Cormac McCarthy’s setting in Blood Meridian is a landscape of endless and diverse beauty. McCarthy highlights the surprising beauty of combinations of scrubby plants, jagged rock, and the fused auburn and crimson colors of the fiery wasteland that frame this nightmarish novel. Various descriptions, from the desolate to the scenic, feature McCarthy’s highly wrought, lyrical prose. Such descriptions of the divine landscape seem to serve a dual function. While being an isolated highlight to this gruesome novel, McCarthy’s beautiful setting also serves as an intricate device in defining the novel’s themes and creating the reality in which it is set.
Apart from the novel’s thematic development, McCarthy’s setting and his detailed description of the ornate beauty of the desert southwest is deserving of praise. A lyrical quality and refined beauty are apparent in the novel’s description. McCarthy’s extended accounts of the pristine beauty of the desert can be seen as an artistic and visually appealing piece work apart from the plot of the novel. Such memorable accounts seem to be a lone highlight in a shockingly disturbing book (Moran 37).
By noon they had begun to climb toward the gap in the mountains. Riding up through the lavender or soapweed, under the Animas peaks. The shadow of an eagle that had set forth from the line of riders below and they looked up to mark it where it rode in that brittle blue and faultless void. In the evening they came out to upon a mesa that overlooked all the country to the north… The crumpled butcher paper mountains lay in sharp shadowfold under the long blue dusk and in the middle distance the glazed bed of a dry lake lay shimmering like the mare imbrium. (168)
Such highly-developed and picturesque scenes help elevate and restore the novel from the brutal and grisly realities which it portrays. McCarthy’s striking views of the setting provide a background for a novel soaked throughout with blood, deception and mindless cruelty. According to one critic, this beauteous landscape is the lone virginal feature of the novel and seems to be detached from the murder and chaos of the plot (James 31).
The endless distances and unreachable horizons of the desert setting are functional in the thematic development of both the plot and characters. The environment of such a limitless topography as the desert, allows the setting to be capable of unobstructed extension and violent interruption. Such limitless environments make it possible for such events of the novel that are random in appearance and appalling in nature.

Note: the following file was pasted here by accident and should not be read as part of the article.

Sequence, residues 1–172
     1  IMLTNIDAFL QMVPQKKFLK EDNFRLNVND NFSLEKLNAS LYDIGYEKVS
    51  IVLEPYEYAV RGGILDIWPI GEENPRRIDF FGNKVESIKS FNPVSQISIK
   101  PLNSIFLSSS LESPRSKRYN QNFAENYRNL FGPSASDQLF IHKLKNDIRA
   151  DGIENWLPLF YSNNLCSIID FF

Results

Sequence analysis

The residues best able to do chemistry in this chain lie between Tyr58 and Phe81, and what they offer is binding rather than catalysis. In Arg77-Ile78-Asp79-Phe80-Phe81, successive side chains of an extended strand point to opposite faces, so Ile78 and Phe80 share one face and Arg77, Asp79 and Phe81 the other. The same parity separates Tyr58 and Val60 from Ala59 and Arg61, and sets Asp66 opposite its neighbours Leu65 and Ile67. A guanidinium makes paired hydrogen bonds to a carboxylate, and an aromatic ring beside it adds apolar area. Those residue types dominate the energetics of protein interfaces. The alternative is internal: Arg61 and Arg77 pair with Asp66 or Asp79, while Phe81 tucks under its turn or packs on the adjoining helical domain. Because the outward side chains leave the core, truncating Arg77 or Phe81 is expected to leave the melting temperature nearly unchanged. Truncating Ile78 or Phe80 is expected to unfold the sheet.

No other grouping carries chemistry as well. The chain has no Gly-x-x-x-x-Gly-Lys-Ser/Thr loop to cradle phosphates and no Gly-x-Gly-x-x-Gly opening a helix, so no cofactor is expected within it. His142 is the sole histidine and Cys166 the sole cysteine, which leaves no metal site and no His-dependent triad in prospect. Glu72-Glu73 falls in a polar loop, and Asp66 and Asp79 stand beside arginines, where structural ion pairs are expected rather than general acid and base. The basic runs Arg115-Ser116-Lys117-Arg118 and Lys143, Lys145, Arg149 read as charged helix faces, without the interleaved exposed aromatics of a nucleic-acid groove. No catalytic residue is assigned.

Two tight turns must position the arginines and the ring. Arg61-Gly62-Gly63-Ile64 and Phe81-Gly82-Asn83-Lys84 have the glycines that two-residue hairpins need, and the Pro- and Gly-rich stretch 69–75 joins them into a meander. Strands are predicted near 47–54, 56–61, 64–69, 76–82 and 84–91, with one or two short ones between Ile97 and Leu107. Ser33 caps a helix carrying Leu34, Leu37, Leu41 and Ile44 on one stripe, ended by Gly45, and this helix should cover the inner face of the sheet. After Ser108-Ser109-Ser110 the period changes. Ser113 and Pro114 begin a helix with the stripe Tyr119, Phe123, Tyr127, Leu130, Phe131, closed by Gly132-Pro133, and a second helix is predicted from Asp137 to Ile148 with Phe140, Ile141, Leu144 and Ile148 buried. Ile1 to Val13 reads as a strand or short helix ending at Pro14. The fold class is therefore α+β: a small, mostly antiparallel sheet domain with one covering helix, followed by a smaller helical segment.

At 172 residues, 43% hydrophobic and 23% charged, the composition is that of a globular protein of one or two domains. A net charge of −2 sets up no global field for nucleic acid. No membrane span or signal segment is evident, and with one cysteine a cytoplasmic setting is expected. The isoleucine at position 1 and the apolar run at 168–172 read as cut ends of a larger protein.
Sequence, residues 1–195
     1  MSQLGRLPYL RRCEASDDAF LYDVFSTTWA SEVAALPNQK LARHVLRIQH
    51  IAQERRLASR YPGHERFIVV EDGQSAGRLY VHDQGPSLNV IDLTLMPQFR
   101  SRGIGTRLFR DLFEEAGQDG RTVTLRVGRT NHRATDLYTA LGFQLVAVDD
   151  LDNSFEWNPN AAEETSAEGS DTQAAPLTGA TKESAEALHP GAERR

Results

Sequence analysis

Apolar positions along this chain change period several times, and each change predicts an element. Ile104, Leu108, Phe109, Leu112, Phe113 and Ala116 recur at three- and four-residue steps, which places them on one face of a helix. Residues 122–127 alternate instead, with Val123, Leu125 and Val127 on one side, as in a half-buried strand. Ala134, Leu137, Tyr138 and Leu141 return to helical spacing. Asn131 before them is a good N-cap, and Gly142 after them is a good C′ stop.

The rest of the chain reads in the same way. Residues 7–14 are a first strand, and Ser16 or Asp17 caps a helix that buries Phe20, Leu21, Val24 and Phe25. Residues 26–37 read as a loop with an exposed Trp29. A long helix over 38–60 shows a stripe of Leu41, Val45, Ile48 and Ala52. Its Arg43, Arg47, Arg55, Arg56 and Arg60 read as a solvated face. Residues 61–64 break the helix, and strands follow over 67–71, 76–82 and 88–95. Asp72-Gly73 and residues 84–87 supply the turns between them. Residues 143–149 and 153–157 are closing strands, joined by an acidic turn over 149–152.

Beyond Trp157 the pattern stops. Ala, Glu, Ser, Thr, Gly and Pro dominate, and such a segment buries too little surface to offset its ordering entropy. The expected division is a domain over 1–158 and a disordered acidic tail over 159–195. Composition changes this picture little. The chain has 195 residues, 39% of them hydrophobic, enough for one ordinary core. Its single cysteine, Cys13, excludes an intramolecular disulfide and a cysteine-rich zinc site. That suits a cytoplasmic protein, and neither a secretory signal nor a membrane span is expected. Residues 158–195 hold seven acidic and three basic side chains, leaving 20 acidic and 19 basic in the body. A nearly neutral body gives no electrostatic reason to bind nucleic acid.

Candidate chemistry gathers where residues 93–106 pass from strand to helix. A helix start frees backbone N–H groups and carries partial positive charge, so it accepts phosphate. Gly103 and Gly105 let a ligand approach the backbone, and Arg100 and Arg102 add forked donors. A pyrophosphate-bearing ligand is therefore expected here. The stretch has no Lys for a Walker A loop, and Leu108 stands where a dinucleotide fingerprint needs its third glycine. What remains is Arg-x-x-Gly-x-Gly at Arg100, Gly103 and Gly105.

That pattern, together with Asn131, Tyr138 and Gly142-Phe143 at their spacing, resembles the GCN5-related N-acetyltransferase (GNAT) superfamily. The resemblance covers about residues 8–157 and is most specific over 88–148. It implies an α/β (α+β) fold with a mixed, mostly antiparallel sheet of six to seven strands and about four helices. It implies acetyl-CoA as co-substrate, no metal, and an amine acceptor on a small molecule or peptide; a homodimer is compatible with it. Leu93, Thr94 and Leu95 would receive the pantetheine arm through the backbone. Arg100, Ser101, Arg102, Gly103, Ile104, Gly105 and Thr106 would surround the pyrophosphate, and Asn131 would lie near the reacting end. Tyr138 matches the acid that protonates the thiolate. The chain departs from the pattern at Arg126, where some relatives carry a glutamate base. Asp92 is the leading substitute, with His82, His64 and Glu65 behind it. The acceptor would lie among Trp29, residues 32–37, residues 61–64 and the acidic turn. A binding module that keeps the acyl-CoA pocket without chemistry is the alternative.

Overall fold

In such country, the convergence of groups of equally savage men and circumstances seem plausible if not inevitable. These men and circumstances bring about the disturbing details of such random and appalling events which drive the plot forward and allow for thematic interpretation (Shaviro 145). Only such a setting could contain a clan of pseudo-military filibusters who, “among their clothes there was small agreement,” (44) who are helplessly slaughtered by a band of Comanches, “in costumes… [of] pieces of uniform still tracked with the blood of the prior owners” (52).
The kid’s travels along the sometimes barren and the sometimes magnificent stretches of unending desert can be compared to man’s wandering through the world (Shaviro 147). These murderers and mercenaries find the most perverse and barbarous of situations following and watching the horizon, “the trembling perimeter of the world” (McCarthy 104), though they never find what Shaviro calls a “final mystery or essential otherness” (146).
In Blood Meridian, man’s futile search to find an unobtainable meaning in his existence is exemplified by the savage brutality of his actions when there are no limitations of morality or law. A comparison of man’s fruitless journey is described as “they move like migrants under a drifting star and their track across the land reflected in its faint arcature the movements of the earth itself” (McCarthy 153). Thus, the setting powerfully influences the novel’s theme and its characters rather than being a detached element of the narrative (147).
Cormac McCarthy’s brilliant descriptions of the landscape of the desert southwest in Blood Meridian can be seen to have a dual purpose. In one sense they are the lone highlight of a novel filled with gruesome realities. In analyzing the setting’s features and connections to the novel’s plot and theme, the reader can see that the setting is an element vital in plausibility of the plot and the understanding of the novel’s underlying meaning.